“But she got hit, that car…ice storm, ’86…” Tears snake down one cheek then the other only to join the green-blue bed, water lost within cottony water. “It was so icy cold, mom. I was scared, she was smarter, older, I couldn’t make her come back…”

She is afraid if she closes her eyes she will see Jonny tossed onto the side of the road. She will yell Jonny’s name. Make a mess of things when she came to aid healing, to be courageous this time. For them both. Tissane keeps them open, stands up, enters the spare kitchen to retrieve the tea kettle. Outside the window she sees the night is blue-black. Quieter. She gets out mugs, tea bags. Dips them a few times. Watches them float, then sink. Blows her nose and splashes kitchen faucet water on her face–she’s startled by its deep chill. She carries the tea drinks, then sits on a bedside chair.

“Tissane. Dear.” He mother’s eyes blink at her a few times so their fading sheen eyes goes off and on, off, on. “Is it snowing? I thought…the wind, how it sounds when it gets snowy. Not likely, I know. Anything can happen in Novemember, right?”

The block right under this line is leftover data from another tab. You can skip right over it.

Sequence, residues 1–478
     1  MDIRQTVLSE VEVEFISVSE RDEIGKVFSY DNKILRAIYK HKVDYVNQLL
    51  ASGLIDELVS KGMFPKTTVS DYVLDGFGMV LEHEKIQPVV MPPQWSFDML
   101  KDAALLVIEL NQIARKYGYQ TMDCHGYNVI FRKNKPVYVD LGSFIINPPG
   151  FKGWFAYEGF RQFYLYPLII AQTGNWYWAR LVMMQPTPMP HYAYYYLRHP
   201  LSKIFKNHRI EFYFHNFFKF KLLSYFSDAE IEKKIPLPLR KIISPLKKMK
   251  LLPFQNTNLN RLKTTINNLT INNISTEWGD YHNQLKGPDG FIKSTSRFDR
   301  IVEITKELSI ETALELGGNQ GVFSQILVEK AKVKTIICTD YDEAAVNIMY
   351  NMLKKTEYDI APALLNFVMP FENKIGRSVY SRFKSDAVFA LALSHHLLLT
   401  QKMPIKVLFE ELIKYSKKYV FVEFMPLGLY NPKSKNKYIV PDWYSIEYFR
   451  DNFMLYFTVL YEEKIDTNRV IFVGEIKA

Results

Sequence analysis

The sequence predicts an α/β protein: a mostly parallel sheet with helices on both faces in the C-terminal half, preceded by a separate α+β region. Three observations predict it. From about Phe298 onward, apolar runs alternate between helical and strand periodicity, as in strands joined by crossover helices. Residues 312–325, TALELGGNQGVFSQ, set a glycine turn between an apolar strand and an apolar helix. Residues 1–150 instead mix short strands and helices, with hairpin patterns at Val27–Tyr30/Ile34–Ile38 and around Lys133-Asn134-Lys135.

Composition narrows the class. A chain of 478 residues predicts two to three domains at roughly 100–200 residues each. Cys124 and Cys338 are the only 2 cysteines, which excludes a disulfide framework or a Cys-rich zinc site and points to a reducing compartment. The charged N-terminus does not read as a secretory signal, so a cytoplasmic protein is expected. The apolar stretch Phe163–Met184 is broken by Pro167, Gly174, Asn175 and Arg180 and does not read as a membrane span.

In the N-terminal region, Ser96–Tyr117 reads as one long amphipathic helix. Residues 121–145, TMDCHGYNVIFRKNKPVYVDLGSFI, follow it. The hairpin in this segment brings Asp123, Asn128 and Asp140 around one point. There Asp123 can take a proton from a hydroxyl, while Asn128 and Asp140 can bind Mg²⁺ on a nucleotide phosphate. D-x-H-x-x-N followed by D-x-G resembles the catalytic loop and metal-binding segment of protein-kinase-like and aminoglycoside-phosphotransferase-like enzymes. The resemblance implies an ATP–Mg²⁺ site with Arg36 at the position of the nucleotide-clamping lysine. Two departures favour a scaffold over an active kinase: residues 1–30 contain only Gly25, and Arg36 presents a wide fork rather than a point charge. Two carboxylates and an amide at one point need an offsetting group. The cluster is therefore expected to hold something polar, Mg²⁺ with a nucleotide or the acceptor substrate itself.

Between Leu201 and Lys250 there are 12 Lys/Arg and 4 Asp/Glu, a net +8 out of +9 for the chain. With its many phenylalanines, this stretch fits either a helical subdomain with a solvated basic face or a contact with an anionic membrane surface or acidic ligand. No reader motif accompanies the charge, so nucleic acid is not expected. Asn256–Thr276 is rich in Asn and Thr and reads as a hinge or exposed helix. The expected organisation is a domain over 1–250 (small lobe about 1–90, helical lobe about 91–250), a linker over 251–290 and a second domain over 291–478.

Her daughter places each mug on the lamp table, then turns up the lamp one notch so the room pulses with a faint shimmer.

“Well, it was nasty out when I went to the store. I skidded…it was, I was…”

Melinda turns her head to better see her, surmise the intention of her words, discern her mood. Tissane makes herself glance back. Those eyes the color of hard amber agates they hunted once, up and down Oregon beaches. Her skin, imbued with richer hue after her nap. Since the snag of pain has been unravelled by a pill.

Arched eyebrows rise a little in anticipation of what will next be said. “Yes, Tiss? Then what?”

Tissane reaches for a mug. “It was so windy! A bit slippery. And the snow swirled about so prettily and all I could do was sit and stare at it as I waited at the light. Enchanted. So lovely, how it drifts and dives through the air. It makes me think of little winged things, I don’t know, like the snowflakes have angel wings, or maybe it’s all fairy dust, know what I mean? There is something about the snow that visits here. It’s softer, finer, brighter than any I’ve seen. It won’t last, though. But yes, you do have your snow.”